More American than hot dogs, hamburgers, and pizza, the New England clam bake is arguably New England’s quintessential meal, maybe even America’s. European explorers were introduced to this method of cooking by Native Americans in the 16th and 17th centuries.
Held on festive occasions and best experienced on a beach in early autumn, the New England Clam Bake is the very definition of simplicity. Lobster, mussels, crabs, steamers, sausage, potatoes, corn on the cob and a generous amount of seaweed are layered in a bed of hot coals or stones and steamed for hours.
Preparing for a traditional New England clam bake can be a multi-day process where the cooking is actually much easier than the prep. It begins with the digging of a fire pit. A half dozen or so large rocks are placed in the pit and covered with firewood. The wood is ignited to heat the rocks.
The next step is to collect seaweed from the beach while the wood is burning. You’ll need a lot so make it a group activity. It’s a great one for kids to be involved in. Be sure to have a couple of large containers because the seaweed will need seawater to keep it fresh while the wood burns.
After the wood burns down to ashes, they are swept away and a fire grate is placed over the hot rocks. Lay down a first layer of seaweed and then alternate layers of food and seaweed, ending with a layer of seaweed. Place slower cooking foods like potatoes, corn, and onions in the lowest layers with the sausage in the middle, and the seafood in the topmost layers.
Finally the entire pile is covered with a wet canvass tarp or burlap sacks to capture the steam. Keep plenty of seawater handy to keep the covering wet.
While you can use just about any food you wish, there are some standards for a traditional clam bake. The following list will provide a feast for up to 10 people.
- 3 to 4 pounds round clams
- 6 to 10 large baking potatoes
- 2 to 3 pound of sausage (smoked or polish)
- 6 medium onions, peeled
- 6 to 10 ears of corn (husk left on but silk removed)
- 8 to 10 live lobsters
- 12 lemons cut into wedges
- Lots of melted butter
Preparation and Serving
After the food steams for two to three hours (depending on how much heat you have), you dismantle your pile of food and seaweed. All the food should be collected into a single container, usually a chafing dish, large sheet pan, or a galvanized tub. Your feast can then be dumped out on a picnic table covered with butcher paper or newspaper.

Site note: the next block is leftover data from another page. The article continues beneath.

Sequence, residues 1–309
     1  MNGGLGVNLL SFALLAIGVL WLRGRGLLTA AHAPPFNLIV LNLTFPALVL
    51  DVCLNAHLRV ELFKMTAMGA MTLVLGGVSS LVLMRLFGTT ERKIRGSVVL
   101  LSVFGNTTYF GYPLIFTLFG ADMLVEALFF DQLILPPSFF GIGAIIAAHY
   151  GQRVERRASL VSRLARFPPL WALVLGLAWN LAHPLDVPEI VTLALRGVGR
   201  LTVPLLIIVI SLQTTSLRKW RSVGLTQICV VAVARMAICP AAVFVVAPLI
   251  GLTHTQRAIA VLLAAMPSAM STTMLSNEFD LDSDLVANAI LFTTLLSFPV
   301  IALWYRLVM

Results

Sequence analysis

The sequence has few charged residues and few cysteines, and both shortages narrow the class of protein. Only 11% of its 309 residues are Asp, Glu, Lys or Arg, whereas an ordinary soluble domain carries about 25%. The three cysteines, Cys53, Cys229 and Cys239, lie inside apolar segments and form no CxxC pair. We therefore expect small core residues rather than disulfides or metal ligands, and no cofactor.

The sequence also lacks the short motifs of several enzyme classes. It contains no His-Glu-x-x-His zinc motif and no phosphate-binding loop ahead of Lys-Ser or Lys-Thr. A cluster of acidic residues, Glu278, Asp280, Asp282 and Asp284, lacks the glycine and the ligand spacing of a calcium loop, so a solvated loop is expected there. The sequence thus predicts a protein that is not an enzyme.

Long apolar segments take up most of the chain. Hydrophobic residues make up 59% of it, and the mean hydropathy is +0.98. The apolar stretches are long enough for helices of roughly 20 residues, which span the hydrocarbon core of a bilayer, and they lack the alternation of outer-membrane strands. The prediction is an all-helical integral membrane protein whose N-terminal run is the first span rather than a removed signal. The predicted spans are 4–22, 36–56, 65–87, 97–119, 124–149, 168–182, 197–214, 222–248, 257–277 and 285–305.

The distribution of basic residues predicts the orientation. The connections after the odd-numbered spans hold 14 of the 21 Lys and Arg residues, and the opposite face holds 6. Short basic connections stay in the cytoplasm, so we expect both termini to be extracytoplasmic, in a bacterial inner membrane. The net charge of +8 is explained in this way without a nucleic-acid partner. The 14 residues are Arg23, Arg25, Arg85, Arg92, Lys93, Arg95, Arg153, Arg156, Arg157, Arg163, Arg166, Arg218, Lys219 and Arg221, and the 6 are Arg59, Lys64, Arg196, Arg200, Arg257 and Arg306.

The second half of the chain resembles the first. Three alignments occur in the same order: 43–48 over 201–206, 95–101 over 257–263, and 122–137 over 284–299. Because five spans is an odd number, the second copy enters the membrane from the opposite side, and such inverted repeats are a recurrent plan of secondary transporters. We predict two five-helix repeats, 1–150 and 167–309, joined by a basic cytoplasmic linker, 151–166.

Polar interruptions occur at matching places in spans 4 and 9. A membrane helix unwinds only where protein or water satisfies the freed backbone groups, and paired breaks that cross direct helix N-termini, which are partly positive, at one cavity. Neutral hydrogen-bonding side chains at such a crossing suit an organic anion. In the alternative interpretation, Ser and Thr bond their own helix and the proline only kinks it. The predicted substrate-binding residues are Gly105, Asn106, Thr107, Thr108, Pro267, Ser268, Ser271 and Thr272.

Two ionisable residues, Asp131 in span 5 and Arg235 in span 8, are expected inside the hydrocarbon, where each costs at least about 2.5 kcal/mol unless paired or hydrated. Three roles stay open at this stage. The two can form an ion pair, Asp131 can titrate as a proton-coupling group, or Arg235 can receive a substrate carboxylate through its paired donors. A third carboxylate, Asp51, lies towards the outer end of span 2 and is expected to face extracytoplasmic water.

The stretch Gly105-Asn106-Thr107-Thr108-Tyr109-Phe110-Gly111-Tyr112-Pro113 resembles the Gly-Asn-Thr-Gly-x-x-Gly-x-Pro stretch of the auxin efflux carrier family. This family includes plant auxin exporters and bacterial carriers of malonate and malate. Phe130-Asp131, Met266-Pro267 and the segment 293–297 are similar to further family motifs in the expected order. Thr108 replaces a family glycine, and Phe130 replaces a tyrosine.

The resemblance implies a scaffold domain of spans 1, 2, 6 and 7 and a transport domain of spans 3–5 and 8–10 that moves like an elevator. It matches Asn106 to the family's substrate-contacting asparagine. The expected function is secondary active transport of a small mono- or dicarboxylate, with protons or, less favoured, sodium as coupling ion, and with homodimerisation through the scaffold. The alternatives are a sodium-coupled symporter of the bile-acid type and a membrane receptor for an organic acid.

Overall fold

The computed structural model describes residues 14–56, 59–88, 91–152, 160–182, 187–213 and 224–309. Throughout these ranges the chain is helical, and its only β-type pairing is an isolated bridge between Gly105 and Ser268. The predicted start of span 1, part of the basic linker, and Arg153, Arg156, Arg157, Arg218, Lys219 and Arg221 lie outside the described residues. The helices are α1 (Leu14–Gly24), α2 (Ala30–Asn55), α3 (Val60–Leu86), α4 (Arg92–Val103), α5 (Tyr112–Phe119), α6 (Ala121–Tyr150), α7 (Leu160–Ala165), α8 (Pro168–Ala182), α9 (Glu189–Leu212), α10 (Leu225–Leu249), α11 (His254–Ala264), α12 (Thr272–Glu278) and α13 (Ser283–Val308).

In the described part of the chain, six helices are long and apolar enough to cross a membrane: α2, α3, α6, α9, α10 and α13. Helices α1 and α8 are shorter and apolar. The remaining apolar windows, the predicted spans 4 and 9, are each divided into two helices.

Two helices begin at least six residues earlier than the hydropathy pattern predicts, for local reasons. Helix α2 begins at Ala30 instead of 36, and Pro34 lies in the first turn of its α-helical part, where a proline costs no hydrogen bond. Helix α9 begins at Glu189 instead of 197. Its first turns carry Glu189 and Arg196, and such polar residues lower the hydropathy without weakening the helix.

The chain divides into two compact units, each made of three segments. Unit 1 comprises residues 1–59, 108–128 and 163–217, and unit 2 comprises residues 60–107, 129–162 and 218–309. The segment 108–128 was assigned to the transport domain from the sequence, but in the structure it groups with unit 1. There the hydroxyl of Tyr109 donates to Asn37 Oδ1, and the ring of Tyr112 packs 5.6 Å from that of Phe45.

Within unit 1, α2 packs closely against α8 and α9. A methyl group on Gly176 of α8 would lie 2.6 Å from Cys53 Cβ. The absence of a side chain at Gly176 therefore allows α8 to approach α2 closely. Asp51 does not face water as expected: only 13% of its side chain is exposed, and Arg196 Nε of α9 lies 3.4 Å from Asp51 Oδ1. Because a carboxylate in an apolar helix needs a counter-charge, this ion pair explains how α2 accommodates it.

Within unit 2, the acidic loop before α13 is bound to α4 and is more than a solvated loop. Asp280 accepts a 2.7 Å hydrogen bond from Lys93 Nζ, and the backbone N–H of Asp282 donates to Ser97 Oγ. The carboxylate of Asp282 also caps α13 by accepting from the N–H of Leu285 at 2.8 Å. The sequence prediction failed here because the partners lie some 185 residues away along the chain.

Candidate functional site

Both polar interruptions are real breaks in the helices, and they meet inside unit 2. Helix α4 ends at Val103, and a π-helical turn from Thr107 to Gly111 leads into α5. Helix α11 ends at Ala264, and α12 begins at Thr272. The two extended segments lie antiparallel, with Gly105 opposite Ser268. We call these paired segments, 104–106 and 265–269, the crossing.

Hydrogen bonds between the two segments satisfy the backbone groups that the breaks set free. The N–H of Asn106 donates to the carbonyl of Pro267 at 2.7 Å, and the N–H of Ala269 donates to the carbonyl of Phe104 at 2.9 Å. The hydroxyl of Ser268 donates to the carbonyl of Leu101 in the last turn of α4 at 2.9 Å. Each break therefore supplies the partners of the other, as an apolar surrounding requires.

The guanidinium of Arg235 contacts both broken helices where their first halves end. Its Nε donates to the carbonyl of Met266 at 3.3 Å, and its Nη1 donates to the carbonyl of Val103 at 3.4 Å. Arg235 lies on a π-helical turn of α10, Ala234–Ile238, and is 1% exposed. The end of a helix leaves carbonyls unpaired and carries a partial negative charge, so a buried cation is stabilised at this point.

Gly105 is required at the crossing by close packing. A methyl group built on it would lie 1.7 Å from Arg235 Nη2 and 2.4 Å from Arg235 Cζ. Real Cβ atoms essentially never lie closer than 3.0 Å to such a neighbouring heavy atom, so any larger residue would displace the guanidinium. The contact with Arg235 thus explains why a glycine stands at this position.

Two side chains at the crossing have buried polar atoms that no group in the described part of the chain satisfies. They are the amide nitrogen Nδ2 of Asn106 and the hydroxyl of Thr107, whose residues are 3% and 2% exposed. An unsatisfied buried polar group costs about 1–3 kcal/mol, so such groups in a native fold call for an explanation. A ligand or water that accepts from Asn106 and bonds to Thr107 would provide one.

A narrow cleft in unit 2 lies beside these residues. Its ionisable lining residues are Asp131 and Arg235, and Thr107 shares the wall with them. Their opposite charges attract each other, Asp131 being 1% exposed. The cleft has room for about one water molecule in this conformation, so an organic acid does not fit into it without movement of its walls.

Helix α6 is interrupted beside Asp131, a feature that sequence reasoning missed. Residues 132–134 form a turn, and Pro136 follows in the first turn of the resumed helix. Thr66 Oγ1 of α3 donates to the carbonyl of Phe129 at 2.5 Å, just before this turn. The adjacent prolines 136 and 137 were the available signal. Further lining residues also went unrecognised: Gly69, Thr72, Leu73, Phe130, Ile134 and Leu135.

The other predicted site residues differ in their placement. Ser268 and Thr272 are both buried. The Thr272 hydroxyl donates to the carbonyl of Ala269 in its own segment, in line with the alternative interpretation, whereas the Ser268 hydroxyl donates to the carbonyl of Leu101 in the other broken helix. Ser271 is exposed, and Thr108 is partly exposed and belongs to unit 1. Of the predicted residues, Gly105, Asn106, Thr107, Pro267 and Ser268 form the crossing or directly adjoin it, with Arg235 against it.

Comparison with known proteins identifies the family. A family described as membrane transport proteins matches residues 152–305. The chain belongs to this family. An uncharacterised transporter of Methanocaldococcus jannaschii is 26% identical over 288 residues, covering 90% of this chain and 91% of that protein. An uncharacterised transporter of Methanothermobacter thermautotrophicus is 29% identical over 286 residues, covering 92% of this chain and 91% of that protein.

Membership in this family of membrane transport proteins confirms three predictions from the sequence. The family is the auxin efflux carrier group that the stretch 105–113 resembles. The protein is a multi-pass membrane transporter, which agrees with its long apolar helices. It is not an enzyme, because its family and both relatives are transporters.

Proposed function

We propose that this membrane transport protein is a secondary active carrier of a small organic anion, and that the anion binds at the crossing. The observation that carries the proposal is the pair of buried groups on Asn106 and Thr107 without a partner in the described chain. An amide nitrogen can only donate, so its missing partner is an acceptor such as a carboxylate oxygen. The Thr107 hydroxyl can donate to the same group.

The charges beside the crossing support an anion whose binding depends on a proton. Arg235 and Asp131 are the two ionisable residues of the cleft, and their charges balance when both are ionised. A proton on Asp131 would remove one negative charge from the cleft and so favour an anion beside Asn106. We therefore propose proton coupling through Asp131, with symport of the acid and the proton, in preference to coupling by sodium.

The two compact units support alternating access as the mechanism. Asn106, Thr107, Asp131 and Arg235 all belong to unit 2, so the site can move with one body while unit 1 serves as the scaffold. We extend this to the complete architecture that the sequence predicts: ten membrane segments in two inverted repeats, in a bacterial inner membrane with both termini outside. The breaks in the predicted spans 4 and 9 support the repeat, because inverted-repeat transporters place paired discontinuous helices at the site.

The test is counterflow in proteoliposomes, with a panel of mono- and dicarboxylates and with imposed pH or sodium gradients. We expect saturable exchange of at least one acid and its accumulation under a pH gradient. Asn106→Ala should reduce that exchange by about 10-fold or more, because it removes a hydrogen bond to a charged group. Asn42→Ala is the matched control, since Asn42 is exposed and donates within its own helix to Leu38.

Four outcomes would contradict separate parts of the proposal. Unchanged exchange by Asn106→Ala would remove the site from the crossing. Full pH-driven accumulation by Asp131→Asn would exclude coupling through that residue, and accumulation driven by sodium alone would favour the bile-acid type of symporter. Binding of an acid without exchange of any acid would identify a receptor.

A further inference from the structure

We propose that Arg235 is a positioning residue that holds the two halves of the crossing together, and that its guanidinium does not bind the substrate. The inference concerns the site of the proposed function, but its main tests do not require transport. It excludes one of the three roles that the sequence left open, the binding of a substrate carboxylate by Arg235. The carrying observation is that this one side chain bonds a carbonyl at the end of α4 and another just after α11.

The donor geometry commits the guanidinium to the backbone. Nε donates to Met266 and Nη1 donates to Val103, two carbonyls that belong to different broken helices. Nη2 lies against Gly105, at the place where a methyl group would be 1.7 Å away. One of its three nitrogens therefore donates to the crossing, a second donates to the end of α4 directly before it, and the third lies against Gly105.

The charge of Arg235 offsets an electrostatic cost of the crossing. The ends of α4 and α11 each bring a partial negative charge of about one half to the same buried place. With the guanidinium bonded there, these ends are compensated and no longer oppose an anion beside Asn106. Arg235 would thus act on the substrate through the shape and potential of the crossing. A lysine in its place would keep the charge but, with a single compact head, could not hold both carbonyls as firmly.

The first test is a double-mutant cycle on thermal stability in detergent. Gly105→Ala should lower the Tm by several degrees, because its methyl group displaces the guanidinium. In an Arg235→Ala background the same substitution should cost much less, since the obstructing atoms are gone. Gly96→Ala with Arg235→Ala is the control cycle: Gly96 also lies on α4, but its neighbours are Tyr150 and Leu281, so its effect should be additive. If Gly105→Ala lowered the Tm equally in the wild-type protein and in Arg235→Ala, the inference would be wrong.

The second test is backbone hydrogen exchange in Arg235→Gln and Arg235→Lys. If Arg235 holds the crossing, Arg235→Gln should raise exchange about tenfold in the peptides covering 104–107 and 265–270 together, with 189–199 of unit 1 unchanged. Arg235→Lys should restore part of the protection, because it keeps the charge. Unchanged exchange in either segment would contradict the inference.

Leave a large bowl of the lemon wedges and several smaller bowls for the melted butter.
You and your guests are now ready to dig in. While the ingredients are simple, the taste is surprisingly complex. There’s a slight smokiness from the fire, a strong flavor of salt and the sea from the steamed seaweed, and strong earthy flavors from the potatoes, corn, and onions.
If you live away from the beach or an area that doesn’t allow open outdoor fires, you can recreate a traditional clam bake in your own kitchen with these easy to follow instructions:
- Put six ears of corn in husks to soak in salted water for one hour.
- In the bottom of a 20-quart steamer place six cups of water. Cover with the upper section of the steamer and add a generous layer of wet, well-rinsed seaweed.
- Take three boiler-fryer chickens that have been split, and wrap them in cheesecloth. Tie with corners of the cloth and place on top of the seaweed. You may also use 3 or 4 pounds of your favorite smoked sausage instead or in place of half of the chicken.
- Wrap five medium-sized, unpeeled potatoes in the same way and place them on the chicken.
- Wrap the six ears of corn in cheesecloth and place them on top of the potatoes.
- Add four dozen small clams with each dozen wrapped in separate cheesecloth bundles.
- Add six one-pound lobsters also wrapped in cheesecloth.
- Top the ingredients with seaweed.
- Place a medium-sized, unpeeled potato in the middle and cover. Steam until the potato on the top is cooked, about one and a half hours.
- Serve with melted butter and lemon wedges.
Serves 6 to 8.
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